By Robin Emmott
BRUSSELS (Reuters) – NATO foreign ministers are set on Wednesday to make space a domain of warfare and agree to closely monitor China’s growing military might in decisions that many allies say shows the alliance is not dying, as France has suggested.
Two weeks before the Western alliance meets for a summit in London to mark 70 years since its foundation, ministers aim to show they are rising to challenges despite tensions over U.S. President Donald Trump’s leadership, alarm at Turkey’s ties with Russia and French doubts about NATO’s viability.
“Reports of NATO’s death are greatly exaggerated,” Lithuanian Foreign Minister Linas Linkevicius told Reuters, referring to French President Emmanuel Macron’s Nov. 7 comments about “the brain death of NATO”.
Envoys hope two major policies – on space as a new frontier in defence and on China – will show that NATO is not a Cold War relic but a shield against threats including Russia’s decision to develop missiles capable of hitting Europe at short notice.
First reported by Reuters in June, the space policy, which has been months in negotiation, will mean that battles can be waged not only on land, in the air, at sea and on computer networks, but also in space.
NATO will not deploy weapons to space. It will begin work on protecting satellites crucial for modern communications.
NATO diplomats deny the alliance would be on a war footing in space, but say declaring it a domain would begin a debate over whether NATO should eventually use space weapons that can shut down enemy missiles and air defences or destroy satellites.
China and Russia are also active in space.
A new policy to be agreed on China will also lay the ground for NATO to focus closely on Beijing’s military ambitions and to ensure allied communications networks and infrastructure are safe from any possible foreign interference.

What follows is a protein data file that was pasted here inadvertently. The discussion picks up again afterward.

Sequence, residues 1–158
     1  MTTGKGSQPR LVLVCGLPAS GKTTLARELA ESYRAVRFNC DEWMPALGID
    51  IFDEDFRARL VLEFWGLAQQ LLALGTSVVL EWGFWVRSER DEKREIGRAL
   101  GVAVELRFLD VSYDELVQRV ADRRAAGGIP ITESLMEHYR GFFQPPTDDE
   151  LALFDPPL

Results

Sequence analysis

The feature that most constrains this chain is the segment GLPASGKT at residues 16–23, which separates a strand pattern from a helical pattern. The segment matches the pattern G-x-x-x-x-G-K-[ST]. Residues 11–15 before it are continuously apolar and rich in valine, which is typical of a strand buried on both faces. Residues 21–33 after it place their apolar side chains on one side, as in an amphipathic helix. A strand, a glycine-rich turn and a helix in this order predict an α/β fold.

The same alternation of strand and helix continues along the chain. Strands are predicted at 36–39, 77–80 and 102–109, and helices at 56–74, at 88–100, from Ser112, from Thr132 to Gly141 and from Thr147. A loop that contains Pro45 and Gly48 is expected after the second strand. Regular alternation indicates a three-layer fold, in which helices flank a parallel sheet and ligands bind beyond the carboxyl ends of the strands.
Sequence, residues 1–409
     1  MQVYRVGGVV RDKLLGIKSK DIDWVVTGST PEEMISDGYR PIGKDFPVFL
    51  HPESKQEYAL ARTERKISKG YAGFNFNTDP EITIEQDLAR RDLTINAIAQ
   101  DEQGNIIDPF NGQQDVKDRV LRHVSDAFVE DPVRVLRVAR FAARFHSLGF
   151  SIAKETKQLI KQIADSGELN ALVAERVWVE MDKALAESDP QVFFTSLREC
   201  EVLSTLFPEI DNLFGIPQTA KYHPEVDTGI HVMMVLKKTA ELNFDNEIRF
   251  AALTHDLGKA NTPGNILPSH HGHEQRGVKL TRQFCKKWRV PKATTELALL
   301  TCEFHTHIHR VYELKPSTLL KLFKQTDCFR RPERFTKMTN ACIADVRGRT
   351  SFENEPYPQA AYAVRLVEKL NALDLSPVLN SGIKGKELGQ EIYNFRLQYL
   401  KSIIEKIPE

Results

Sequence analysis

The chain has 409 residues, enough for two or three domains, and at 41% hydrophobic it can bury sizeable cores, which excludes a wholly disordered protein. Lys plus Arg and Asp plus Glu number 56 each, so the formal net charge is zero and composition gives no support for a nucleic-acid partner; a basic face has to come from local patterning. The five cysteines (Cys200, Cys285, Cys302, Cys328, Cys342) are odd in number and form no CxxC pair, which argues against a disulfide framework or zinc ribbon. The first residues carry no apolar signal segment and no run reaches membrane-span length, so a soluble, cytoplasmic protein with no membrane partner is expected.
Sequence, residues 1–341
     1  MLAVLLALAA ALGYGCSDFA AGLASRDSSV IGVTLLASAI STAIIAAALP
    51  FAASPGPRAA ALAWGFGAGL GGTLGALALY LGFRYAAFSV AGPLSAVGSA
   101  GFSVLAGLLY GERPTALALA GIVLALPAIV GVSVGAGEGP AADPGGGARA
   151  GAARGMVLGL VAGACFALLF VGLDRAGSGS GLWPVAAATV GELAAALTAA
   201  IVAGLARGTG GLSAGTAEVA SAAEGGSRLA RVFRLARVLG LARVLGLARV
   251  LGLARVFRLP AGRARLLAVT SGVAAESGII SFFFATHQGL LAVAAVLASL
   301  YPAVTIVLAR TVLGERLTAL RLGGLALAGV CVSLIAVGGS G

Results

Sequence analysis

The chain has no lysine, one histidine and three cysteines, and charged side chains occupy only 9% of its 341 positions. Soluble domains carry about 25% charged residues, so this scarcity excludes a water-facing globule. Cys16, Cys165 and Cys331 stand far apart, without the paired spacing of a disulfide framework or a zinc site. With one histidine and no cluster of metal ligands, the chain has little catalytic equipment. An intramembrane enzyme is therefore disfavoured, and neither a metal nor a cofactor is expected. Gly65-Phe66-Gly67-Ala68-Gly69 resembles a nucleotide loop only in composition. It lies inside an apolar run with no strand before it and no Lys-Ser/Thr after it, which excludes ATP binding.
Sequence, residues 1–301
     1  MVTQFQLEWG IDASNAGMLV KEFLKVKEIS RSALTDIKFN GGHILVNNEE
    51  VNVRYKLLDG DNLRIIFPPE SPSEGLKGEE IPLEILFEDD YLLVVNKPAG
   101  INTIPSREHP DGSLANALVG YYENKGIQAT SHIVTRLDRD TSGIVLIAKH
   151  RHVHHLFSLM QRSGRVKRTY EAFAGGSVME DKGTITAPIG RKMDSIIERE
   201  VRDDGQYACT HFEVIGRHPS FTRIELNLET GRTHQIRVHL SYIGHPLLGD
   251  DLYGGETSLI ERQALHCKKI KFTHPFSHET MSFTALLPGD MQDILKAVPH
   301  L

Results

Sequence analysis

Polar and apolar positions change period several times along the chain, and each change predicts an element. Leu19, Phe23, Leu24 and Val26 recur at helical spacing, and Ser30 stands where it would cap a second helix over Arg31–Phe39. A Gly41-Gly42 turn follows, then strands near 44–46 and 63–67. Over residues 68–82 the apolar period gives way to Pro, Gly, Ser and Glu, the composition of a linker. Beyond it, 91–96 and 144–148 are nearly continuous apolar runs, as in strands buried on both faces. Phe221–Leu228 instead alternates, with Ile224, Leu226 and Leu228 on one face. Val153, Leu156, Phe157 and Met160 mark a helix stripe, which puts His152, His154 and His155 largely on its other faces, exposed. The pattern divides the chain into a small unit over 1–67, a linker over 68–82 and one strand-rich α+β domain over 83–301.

China had the second-largest defence budget after the United States in 2018 and has added 80 ships and submarines to its navy, the equivalent of the entire British navy, in the past five years, NATO says.
“When there is a military build-up, you have to see what you need to defend against,” U.S. Ambassador to NATO Kay Bailey Hutchison told reporters. “We are not provocative in any way.”
NATO diplomats say Macron has prompted soul-searching after expressing doubt in his interview with The Economist about U.S.-led NATO’s security maxim. NATO allies promise that an attack on one is an attack on all. That has underpinned transatlantic ties since the alliance’s 1949 foundation.
Still, diplomats concede the Western military alliance needs to be more consistent. Macron’s comments, Trump’s confusing policy in Syria and Turkey’s decision to defy allies and invade northern Syria last month have strained the mood.
Foreign ministers, including U.S. Secretary of State Mike Pompeo, are expected to reaffirm their commitment to the NATO security guarantee at the Brussels meeting.
(Reporting by Robin Emmott; Editing by Giles Elgood)